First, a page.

WTO talks wont be easy Fischler

14 September 1999

WTO talks wont be easy — Fischler

By FWi staff

THE forthcoming round of World Trade Organisation (WTO) talks wont be easy, European Agriculture Commissioner Franz Fischler has conceded.

The talks, due to begin in the north-west US city of Seattle in November, are designed to liberate world trade in agricultural products.

European Union (EU) negotiators will come under pressure to reduce the level of subsidies for their farmers and open up the European market to imports.

In return, the EU will demand improved market access for its exporters and will call for all export credits to be subject to compliance with agreed trade rules.

It will also stress the need to strengthen the multifunctional role of agriculture as a means of ensuring the vitality of rural areas, and animal and environmental protection.

EU negotiators will also seek to ensure that greater attention is paid to consumers worries food, including GM crops and hormone-treated beef.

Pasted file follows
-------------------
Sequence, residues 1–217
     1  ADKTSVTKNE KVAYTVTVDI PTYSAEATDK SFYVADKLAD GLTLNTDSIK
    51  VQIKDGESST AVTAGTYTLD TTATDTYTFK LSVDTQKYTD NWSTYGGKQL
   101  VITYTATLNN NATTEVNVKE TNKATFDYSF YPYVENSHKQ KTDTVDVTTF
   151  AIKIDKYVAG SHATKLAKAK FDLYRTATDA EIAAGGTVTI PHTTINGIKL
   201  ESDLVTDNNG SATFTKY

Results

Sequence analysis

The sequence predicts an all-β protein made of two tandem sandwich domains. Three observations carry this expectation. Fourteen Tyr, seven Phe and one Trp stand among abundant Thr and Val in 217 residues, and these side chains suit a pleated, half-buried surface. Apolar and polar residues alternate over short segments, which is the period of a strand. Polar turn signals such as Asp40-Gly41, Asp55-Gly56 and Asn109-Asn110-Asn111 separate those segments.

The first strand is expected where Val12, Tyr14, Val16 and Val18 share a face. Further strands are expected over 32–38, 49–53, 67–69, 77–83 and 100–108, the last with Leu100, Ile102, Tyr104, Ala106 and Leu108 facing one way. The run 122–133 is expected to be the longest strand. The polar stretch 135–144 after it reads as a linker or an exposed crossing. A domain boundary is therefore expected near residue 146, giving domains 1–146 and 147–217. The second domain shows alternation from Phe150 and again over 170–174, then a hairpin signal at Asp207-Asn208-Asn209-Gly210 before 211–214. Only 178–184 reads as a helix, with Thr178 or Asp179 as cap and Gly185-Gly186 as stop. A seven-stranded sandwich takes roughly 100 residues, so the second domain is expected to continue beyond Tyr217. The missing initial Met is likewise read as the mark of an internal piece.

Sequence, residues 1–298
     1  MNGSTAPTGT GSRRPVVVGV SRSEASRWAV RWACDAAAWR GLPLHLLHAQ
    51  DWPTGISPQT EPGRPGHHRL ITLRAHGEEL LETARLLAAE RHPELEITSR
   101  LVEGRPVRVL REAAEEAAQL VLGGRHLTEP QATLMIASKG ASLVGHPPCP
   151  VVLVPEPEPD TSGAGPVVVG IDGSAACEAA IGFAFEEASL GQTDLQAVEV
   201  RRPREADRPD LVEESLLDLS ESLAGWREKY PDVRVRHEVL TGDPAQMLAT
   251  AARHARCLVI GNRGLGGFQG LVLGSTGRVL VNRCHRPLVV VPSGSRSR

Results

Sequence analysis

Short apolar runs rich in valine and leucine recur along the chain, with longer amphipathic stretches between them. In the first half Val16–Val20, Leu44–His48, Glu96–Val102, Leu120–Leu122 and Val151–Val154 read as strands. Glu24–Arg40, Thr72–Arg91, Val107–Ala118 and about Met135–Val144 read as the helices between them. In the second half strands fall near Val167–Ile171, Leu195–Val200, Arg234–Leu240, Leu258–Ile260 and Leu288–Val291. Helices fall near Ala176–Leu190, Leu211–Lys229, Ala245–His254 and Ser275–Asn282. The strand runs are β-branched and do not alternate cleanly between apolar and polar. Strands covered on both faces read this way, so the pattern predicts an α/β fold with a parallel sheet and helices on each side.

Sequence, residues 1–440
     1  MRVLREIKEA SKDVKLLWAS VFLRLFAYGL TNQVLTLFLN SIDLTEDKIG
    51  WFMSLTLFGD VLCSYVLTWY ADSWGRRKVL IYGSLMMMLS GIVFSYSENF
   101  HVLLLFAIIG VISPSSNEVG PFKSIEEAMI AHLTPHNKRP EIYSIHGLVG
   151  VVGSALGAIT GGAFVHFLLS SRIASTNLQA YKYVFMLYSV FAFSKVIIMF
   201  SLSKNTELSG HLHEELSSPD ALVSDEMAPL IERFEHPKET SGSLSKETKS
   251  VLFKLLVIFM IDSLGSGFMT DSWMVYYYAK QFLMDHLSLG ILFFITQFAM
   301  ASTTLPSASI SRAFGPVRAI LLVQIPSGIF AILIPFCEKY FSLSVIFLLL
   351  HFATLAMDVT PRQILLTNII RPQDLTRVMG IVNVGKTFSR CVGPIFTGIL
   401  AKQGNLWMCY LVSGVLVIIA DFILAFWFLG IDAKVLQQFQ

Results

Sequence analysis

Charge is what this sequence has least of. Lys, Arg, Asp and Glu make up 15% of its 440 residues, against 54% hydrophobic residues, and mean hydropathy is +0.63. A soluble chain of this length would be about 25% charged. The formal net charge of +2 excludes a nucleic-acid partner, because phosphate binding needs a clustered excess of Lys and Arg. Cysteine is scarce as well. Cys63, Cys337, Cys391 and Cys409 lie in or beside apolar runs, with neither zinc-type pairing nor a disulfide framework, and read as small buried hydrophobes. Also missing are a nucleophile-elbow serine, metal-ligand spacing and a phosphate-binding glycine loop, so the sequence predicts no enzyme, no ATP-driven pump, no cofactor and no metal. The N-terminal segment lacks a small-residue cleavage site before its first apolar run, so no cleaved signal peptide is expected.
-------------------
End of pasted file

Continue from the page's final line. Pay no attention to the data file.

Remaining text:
They are eager that the WTO is not used as a pretext for placing products on the market where there are legitimate concerns about their safety.

But Mr Fischler has warned that the negotiations could be harder than expected.

“Our negotiating position will not be easy,” he said.

“Community market prices for most products are still above world prices, so that our market is an attractive target for other exporters.

“We also provide export refunds, so all other exporters will do their utmost to ensure that they are reduced or abolished.”

Mr Fischler said that the EU could also be targeted because it was making more and more use of “blue box” subsidies — the support measures which least distort trade.

But European countries did have an advantage, he added, in as much as they had agreed a negotiating position to strengthen their standpoint against other nations.

“We are therefore ready to engage in serious negotiations immediately so that the ambitious timetable, on which there is broad agreement, can be met,” said Mr Fischer.

“However, successful negotiations also require give and take, so that ultimately we are all in a position to benefit from the outcome.”

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